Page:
Characters

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Last Updated on May 8, 2015, by eNotes Editorial. Word Count: 952

Margaret Caldwell
Margaret is one-half of one character who appears in this play. She is the refined, cultured part of herself, just as Harriet is. She is the ego. In addition, Margaret shares many other similarities with Harriet. She is in a desperate situation from which she longs to escape. Margaret is married to the painter John Caldwell. The two of them have just returned from eight years in Paris, where John tried to make his mark as an artist. He was unsuccessful, however, and they are now forced to live in poverty while John makes his living drawing advertisements. Margaret loves John, but the benefits of this have been overshadowed by the severe poverty in which they are forced to live. Margaret is desperately hungry and longs for the food and fine things that wealth can bring. She is willing to give up love for money.

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John’s name also gives a clue as to Margaret’s relationship with him. John is called well. In other words, while it may seem prestigious and glamorous to be married to an artist, the reality is not as good as it sounds. To say you are an artist’s wife is exciting. To live it is horrible. Just as Harriet must work to control her baser instincts, so must Margaret. Margaret’s lavender gown connects her with Maggie, who wears a dark purple gown. The two together represent one complete person.

Harriet Goodrich
On the surface Harriet is a cultured society lady who is married to the very wealthy Charles Goodrich. She has a beautiful house, a car, a chauffeur, wonderful food, and all of the fine trappings that wealth can provide. She presents an air of being extremely happy and content. This is all a façade, however. Deep down, Harriet does not love Charles and she is in despair over being trapped in her current situation. She hates her marriage to Charles because it only provides a life of comfort and wealth. There is no passion. Harriet married her husband for the money and that is all she got. His name even indicates what he represents to her: Charles is only good because he is rich. Harriet secretly longs to escape her current situation and to rekindle the passion of her earlier relationship with John Caldwell, a man whom she believes to be the true love of her life. Harriet grew up in the same town as John. The two dated in her youth, and she has been in love with him ever since.

At the time they dated, John was an aspiring painter. He actually proposed to Harriet, but she turned him down because she was afraid his desire to be an artist would lead to a life of poverty and hardship. She has never lost her desire for John, however, and is now deeply jealous of Margaret’s marriage to him. Harriet (with Hetty) is actually one-half of one of the characters presented in this play. She represents only the ego portion of this character. She is the person that is presented to the outside world, the cultured, polite woman that everyone expects this character to be. She is the part that has been molded by society and taught how to behave. Harriet wears a green gown, which represents the jealousy that runs deep within her.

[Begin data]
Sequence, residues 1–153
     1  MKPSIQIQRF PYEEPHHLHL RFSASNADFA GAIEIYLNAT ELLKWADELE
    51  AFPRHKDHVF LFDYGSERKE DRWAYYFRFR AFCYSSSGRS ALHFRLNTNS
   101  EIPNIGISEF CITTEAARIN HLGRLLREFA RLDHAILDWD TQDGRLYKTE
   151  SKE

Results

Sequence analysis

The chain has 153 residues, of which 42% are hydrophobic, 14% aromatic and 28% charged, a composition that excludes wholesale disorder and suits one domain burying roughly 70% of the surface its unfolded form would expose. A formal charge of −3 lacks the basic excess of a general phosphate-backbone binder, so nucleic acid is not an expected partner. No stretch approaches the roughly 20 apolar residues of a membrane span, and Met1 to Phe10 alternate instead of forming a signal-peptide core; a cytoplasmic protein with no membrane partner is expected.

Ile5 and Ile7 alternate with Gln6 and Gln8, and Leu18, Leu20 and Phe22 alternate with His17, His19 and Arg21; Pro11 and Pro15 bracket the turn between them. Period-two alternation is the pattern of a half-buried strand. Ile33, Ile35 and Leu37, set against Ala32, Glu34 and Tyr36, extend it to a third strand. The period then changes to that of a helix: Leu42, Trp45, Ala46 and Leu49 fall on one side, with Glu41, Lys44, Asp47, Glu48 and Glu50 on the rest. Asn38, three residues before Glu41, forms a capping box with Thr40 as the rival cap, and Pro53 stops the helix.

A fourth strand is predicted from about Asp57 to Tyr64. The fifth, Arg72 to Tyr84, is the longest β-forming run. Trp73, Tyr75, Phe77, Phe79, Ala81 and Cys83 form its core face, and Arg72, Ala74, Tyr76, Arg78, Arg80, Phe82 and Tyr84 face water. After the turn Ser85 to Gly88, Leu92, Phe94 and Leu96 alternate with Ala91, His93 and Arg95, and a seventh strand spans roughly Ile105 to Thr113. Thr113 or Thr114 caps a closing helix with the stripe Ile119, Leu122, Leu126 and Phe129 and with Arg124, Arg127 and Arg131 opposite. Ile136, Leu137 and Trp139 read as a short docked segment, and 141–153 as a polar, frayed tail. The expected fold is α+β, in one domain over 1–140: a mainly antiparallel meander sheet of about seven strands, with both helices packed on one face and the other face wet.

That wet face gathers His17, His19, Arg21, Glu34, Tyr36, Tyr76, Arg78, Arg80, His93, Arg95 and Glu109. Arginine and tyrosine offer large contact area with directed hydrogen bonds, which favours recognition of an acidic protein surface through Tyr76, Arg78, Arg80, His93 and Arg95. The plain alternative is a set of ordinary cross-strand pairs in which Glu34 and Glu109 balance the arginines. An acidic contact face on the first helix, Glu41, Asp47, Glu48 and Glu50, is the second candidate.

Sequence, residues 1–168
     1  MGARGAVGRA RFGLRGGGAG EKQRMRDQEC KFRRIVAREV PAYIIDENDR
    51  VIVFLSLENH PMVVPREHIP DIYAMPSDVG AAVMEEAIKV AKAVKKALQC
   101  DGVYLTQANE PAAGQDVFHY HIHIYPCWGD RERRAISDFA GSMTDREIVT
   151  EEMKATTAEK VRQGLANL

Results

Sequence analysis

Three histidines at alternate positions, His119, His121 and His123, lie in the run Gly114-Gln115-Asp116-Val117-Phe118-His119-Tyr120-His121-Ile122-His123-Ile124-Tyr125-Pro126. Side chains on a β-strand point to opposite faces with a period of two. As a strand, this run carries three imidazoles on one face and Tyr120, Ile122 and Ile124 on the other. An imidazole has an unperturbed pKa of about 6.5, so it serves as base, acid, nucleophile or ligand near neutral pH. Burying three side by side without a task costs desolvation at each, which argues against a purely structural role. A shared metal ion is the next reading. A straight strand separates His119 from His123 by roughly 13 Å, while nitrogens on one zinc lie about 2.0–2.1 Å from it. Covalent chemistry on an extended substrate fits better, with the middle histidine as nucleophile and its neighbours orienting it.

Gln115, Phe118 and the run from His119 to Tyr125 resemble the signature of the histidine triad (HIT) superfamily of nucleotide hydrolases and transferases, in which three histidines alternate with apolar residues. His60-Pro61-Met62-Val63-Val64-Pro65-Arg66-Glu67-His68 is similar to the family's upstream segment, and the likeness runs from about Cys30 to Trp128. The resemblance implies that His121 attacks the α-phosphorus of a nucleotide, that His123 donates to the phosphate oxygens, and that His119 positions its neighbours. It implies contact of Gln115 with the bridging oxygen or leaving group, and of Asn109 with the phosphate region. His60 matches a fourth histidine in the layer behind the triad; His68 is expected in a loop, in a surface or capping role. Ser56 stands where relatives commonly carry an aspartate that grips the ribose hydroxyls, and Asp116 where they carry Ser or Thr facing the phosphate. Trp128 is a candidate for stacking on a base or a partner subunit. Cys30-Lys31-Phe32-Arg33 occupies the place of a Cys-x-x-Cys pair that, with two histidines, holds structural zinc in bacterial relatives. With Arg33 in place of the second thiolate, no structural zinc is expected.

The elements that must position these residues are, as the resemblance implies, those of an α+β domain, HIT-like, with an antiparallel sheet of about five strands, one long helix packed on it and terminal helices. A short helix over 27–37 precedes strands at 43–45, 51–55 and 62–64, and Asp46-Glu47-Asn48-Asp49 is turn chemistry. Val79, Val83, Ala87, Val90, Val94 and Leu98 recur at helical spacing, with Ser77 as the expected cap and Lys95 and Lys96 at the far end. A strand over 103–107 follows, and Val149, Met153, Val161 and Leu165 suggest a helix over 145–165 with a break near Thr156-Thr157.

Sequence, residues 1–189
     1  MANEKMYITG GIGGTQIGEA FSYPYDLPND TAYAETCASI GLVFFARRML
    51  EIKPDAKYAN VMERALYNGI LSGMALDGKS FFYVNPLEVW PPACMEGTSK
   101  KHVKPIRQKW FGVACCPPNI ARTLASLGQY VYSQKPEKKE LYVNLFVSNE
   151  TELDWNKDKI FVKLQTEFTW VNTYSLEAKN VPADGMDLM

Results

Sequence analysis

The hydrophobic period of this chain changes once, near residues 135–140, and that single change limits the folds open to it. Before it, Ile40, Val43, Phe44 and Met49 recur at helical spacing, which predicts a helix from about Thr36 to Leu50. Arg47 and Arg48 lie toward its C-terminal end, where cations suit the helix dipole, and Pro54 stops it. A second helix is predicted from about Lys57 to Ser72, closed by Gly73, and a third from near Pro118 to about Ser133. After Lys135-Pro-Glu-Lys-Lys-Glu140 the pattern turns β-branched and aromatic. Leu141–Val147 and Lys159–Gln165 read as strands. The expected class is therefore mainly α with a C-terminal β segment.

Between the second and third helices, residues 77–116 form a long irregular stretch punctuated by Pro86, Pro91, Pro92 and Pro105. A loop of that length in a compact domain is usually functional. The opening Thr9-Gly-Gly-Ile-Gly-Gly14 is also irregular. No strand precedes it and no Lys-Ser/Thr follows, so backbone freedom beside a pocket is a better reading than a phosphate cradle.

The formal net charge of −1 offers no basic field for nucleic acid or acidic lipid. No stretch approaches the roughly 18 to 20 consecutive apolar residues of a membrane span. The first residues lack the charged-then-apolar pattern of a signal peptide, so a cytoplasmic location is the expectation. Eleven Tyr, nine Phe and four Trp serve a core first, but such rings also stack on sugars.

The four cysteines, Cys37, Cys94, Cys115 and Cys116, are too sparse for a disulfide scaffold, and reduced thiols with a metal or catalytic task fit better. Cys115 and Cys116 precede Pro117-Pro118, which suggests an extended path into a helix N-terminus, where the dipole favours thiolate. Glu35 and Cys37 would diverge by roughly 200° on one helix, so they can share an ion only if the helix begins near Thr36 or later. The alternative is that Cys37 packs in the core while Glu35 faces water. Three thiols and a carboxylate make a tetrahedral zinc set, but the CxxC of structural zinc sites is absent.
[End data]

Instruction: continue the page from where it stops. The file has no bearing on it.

Hetty
Hetty is Harriet’s counterpart. She is not a complete person, but is the other half of Harriet’s personality. Hetty embodies the wild, untamed desires and wants that live deep within Harriet. She represents her true feelings. Hetty is able to see beyond the courteous everyday conversation that takes place when people talk to one another. She understands that deep down people are vicious and self-serving and that they just cover this up for the sake of appearing humane. Hetty has little patience for these polite games that human beings play with each other. Because she has not been cultured and refined by society, she operates on a very basic level. She is the id portion of Harriet’s character.

Hetty has the ability to be violent and cruel and is willing to do almost anything to get what she wants. She desperately wants Harriet to succeed in regaining John and will use any means necessary to convince Harriet to act upon her desires. Harriet’s sense of propriety and decorum is all that keeps Hetty’s unsociable behavior in check. Hetty is always present, and Harriet must consciously work to keep control of her. If Hetty was ever able to completely overcome Harriet, she would be deemed unfit for society and would probably be locked away. Hetty wears a gown of deep green, which reflects her connection to Harriet. The deeper color signifies the harsher, baser emotions she represents.

Maggie
Maggie is Margaret’s darker half. She is the instinctual, desire-driven force who constantly prods Margaret to go after what she truly wants. It is Maggie who has brought Margaret to the meeting with Harriet in order to carry out her plan of getting Harriet to order a portrait. Maggie is Margaret’s id, and she operates on a primitive level, just as Hetty does. Maggie is not afraid of confrontation. She will do whatever is necessary to get what she wants. During the play, Maggie’s actions are governed primarily by hunger and her need for food. Just as Harriet must be careful to keep Hetty in check, Margaret must work to do the same with Maggie. If Margaret lets her guard down for a moment and forgets the rules of social etiquette, Maggie will overcome her and drive her to behave in a way that might be considered insane.

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